Dangerous game with mountain tourism in Pakistan

The 8611-meter-high K2 in Pakistan

“We are opening tourism, because these three to four months are important for the people associated with tourism. Otherwise more joblessness will occur at these places,” Pakistan’s Prime Minister Imran Khan surprisingly announced earlier this week. The former country’s cricket superstar, who has been head of government since August 2018, specifically mentioned the northern provinces of Gilgit-Baltistan and Khyber Pakhtunkhwa. There the highest mountains in Pakistan are located, including the five eight-thousanders K2, Broad Peak, Gasherbrum I, Gasherbrum II and Nanga Parbat.

According to Khan, the provincial governments would jointly make regulations under which the tourism industry could be reopened. It almost sounded as if the summer climbing season in the Karakoram could be saved against all odds – despite the coronavirus pandemic. But resistance is stirring in the regions mentioned.

Infection curve rising

The eight-thousander Broad Peak

“I won’t allow this on my watch,” said Hafeez ur Rehman, Chief Minister of Gilgit-Baltistan, to the Internet portal “The Third Pole”, adding that “controlled tourism”, as the government wants, was unrealistic. “It is one thing to have these on paper, but quite another to implement them on the ground,” Rehman railed. “Our health system is just not good enough to take the load if things go out of control.”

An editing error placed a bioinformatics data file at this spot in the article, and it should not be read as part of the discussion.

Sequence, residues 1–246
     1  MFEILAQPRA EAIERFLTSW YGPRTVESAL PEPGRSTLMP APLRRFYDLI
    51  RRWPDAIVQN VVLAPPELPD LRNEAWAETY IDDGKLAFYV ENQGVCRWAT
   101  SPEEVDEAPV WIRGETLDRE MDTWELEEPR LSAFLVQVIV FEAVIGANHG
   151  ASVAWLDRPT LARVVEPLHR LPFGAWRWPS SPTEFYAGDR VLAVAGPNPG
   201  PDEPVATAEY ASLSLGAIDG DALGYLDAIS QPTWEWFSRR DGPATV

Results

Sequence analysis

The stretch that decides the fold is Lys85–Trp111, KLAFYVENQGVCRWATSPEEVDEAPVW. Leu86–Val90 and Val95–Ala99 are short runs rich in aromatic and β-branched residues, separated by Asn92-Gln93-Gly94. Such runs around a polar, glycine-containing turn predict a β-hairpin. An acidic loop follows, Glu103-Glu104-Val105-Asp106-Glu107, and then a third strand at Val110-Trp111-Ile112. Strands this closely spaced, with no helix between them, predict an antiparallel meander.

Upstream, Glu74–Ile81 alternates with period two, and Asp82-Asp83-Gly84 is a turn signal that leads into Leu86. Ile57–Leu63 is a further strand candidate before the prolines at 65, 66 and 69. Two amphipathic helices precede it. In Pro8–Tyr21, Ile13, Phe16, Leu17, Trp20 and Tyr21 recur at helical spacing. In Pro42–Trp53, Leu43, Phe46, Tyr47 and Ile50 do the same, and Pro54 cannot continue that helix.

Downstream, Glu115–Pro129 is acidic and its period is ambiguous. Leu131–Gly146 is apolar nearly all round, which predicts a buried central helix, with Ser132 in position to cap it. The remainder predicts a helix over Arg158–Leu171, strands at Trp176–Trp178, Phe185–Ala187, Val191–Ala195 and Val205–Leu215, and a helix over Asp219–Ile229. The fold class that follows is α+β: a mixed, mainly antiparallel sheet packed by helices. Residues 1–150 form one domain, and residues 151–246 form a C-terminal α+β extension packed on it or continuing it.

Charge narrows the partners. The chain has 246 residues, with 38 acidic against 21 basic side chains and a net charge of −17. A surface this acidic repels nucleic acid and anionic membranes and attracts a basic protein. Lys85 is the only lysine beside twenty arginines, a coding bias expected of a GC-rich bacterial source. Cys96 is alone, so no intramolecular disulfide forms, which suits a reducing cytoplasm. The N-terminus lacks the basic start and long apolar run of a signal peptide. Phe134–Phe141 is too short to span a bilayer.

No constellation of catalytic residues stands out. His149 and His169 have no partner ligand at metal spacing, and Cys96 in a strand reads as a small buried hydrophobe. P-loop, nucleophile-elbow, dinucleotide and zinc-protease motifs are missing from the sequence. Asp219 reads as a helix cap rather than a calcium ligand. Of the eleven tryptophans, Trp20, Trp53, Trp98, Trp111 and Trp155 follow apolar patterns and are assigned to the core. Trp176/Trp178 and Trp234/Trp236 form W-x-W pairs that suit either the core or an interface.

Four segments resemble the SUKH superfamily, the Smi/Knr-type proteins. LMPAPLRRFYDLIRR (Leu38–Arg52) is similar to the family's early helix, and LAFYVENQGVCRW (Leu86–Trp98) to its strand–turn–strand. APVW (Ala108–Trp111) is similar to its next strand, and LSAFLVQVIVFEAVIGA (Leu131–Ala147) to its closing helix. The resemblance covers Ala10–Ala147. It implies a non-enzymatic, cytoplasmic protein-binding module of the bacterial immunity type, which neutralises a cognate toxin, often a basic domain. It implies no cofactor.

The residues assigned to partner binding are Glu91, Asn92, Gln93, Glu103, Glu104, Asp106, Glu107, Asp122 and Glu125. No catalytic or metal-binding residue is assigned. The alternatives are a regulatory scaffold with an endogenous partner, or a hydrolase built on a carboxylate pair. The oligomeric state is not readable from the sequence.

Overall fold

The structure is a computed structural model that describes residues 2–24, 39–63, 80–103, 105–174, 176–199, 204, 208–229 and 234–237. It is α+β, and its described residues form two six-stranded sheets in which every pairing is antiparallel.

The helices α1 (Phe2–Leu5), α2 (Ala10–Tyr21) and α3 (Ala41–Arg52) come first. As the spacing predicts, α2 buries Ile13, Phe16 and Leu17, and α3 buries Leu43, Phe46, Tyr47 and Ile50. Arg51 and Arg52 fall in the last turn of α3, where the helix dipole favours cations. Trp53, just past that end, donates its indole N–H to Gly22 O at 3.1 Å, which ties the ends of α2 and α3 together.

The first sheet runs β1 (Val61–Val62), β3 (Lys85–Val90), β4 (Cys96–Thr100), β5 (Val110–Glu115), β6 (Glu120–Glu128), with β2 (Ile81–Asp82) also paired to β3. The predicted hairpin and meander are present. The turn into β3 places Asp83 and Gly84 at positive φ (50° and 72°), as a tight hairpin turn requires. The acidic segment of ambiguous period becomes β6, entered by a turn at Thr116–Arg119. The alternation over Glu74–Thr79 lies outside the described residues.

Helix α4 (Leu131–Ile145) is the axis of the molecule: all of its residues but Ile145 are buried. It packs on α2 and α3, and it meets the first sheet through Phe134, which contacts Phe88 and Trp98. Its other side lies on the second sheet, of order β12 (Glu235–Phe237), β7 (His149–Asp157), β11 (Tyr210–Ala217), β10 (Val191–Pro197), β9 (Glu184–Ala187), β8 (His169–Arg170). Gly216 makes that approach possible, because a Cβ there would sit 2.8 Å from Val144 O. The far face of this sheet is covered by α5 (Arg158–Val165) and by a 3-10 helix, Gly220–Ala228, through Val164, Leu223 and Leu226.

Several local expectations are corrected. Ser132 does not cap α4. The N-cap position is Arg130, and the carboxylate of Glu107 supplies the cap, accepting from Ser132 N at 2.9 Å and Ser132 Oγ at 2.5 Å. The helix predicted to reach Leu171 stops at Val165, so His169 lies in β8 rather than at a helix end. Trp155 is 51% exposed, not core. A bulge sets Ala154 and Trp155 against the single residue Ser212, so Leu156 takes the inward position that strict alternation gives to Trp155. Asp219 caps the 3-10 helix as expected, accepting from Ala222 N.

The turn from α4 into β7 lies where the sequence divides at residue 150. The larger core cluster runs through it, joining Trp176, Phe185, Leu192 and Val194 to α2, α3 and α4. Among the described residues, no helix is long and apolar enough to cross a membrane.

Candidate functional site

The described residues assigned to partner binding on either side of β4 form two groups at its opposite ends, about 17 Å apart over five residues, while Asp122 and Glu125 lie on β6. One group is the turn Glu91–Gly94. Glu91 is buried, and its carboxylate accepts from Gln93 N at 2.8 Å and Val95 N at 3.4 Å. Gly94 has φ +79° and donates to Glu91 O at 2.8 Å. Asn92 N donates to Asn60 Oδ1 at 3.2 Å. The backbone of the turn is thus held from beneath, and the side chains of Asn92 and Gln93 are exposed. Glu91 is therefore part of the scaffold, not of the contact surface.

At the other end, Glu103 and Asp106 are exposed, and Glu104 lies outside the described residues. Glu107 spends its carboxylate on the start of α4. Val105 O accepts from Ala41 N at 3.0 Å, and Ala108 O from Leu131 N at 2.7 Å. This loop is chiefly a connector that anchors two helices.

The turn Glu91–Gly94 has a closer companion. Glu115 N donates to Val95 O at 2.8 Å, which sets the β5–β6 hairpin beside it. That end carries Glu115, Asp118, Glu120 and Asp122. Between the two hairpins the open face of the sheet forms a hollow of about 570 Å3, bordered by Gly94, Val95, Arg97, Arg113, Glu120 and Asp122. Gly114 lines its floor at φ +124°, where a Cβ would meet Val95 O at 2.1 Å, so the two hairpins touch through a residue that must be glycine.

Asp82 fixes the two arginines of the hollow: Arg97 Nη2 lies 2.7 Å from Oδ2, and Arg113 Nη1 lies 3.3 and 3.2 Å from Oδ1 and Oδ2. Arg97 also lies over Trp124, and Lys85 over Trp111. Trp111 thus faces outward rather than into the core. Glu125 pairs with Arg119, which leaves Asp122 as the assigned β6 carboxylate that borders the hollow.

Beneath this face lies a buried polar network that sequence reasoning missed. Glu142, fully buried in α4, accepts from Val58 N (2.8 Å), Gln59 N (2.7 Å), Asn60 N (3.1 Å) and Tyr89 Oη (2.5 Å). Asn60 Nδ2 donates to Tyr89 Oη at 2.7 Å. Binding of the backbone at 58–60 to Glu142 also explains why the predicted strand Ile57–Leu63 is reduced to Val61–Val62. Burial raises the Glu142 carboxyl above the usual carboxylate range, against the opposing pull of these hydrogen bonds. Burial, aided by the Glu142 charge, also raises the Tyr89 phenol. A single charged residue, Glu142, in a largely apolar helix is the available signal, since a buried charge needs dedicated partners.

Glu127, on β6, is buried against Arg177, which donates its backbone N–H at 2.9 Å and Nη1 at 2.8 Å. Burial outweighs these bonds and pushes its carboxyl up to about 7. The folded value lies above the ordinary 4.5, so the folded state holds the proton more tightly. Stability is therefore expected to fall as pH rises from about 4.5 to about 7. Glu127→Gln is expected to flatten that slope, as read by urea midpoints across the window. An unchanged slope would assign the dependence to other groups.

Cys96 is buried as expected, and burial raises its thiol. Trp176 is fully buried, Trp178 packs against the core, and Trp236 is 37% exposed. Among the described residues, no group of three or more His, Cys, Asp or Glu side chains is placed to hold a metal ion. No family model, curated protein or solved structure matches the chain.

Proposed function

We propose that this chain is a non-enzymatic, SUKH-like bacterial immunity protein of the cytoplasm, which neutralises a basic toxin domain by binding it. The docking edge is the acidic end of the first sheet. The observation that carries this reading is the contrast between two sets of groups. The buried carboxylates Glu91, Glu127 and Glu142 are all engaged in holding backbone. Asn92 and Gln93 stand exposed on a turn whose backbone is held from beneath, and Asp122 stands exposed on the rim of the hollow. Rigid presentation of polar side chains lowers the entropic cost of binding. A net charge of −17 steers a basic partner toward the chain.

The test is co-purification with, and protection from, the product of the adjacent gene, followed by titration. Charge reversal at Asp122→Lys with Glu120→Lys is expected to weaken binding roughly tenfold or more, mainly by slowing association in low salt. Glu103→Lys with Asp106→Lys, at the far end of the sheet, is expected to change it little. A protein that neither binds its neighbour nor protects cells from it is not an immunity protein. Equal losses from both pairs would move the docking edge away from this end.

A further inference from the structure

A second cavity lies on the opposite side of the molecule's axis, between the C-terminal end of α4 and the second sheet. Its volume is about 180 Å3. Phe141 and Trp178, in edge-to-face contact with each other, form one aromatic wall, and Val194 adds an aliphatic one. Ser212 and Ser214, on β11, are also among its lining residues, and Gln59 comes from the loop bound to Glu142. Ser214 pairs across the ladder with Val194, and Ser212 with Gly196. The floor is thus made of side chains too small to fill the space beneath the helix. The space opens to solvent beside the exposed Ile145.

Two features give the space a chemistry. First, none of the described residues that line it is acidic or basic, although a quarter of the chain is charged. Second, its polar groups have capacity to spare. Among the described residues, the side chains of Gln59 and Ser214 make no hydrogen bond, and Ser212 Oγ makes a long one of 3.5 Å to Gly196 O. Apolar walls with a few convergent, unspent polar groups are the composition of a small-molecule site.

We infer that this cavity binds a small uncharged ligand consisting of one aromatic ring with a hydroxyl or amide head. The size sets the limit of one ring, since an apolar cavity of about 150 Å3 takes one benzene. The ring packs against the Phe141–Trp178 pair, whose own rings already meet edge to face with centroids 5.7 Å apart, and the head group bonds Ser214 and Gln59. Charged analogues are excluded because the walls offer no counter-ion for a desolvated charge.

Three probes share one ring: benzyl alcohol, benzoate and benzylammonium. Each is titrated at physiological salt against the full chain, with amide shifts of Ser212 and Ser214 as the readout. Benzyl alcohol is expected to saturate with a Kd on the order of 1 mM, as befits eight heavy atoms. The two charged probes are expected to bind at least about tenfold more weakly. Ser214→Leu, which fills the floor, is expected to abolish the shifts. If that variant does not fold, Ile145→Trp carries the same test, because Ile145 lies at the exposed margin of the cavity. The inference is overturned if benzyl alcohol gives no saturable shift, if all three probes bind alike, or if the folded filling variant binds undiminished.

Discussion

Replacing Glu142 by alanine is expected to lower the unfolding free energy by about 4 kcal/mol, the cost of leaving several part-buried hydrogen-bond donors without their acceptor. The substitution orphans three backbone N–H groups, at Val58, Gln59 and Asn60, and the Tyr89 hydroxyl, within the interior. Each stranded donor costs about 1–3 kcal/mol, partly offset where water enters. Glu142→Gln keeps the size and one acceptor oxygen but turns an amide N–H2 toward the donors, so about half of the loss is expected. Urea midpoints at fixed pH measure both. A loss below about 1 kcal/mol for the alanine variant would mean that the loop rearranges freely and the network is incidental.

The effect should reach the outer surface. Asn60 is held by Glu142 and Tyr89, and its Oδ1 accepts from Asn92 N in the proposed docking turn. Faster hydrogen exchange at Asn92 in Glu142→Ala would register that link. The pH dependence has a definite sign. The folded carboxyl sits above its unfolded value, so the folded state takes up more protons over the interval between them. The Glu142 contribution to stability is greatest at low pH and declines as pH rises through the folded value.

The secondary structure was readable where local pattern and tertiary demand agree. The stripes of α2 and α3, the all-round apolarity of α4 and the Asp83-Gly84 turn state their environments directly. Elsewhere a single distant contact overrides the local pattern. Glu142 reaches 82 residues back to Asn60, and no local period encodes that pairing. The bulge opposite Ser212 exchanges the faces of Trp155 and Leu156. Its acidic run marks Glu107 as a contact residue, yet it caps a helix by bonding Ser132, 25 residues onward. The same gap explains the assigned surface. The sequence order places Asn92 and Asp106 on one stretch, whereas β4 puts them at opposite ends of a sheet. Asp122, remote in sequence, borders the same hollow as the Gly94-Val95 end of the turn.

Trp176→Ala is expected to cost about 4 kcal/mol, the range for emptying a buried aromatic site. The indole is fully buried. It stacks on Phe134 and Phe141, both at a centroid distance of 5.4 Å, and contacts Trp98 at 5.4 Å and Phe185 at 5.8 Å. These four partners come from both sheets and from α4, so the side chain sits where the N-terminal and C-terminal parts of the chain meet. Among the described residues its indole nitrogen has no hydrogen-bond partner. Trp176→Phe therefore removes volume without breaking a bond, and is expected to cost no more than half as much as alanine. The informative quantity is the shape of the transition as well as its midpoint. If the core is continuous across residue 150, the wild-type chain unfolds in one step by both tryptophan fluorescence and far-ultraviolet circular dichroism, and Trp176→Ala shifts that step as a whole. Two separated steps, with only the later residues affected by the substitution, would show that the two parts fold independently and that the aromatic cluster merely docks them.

Prime Minister Khan’s announcement came as a surprise as the infection curve in Pakistan continues to rise. So far, there have been recorded about 90,000 cases – more than in China, where the pandemic broke out. More than 1800 people so far have died in Pakistan from COVID-19. Nobody can say how high the number of unreported cases is.

75,000 jobs at risk

Against this background, it cannot be assumed that the release of tourism will lead to foreign mountaineers immediately pouring into the country again. Their concerns are too great. It is not for nothing that almost all foreign operators have canceled their expeditions to Pakistan for this summer or postponed them until next year.

Porters in the Karakoram

Perhaps a few professional climbers will show up in the Karakoram to implement their projects. However, this will not change the fact that – as on the mountains in Nepal this spring – it will remain quiet on the mountains in Pakistan this summer. According to Karrar Haidri, head of the Alpine Club of Pakistan, more than 75,000 jobs in the country’s mountain regions are at risk because of the Corona crisis.

“A year without tourism is no problem”

Nevertheless, according to Hafeez ur Rehman, 90 percent of the people in Gilgit-Baltistan are against people from outside visiting the region during the coronavirus pandemic. “We survived a decade without tourism when terrorists stalked our land. A year without tourism will not be a problem,” Rehman said. But his words no longer carry too much political weight. His time as head of the provincial government expires on 24 June.